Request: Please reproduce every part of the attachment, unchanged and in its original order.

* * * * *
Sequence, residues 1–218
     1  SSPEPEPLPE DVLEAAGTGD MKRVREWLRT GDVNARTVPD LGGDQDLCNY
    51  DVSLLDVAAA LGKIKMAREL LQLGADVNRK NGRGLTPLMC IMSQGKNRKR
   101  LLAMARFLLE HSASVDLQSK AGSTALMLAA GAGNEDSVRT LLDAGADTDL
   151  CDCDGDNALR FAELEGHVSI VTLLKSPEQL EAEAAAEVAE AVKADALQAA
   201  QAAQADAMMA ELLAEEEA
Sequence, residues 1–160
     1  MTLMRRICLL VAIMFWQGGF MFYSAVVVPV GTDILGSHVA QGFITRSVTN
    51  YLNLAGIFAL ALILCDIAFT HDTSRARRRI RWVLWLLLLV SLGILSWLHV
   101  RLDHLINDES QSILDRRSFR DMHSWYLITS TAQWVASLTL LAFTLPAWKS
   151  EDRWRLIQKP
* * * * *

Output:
Sequence, residues 1–218
     1  SSPEPEPLPE DVLEAAGTGD MKRVREWLRT GDVNARTVPD LGGDQDLCNY
    51  DVSLLDVAAA LGKIKMAREL LQLGADVNRK NGRGLTPLMC IMSQGKNRKR
   101  LLAMARFLLE HSASVDLQSK AGSTALMLAA GAGNEDSVRT LLDAGADTDL
   151  CDCDGDNALR FAELEGHVSI VTLLKSPEQL EAEAAAEVAE AVKADALQAA
   201  QAAQADAMMA ELLAEEEA
Sequence, residues 1–160
     1  MTLMRRICLL VAIMFWQGGF MFYSAVVVPV GTDILGSHVA QGFITRSVTN
    51  YLNLAGIFAL ALILCDIAFT HDTSRARRRI RWVLWLLLLV SLGILSWLHV
   101  RLDHLINDES QSILDRRSFR DMHSWYLITS TAQWVASLTL LAFTLPAWKS
   151  EDRWRLIQKP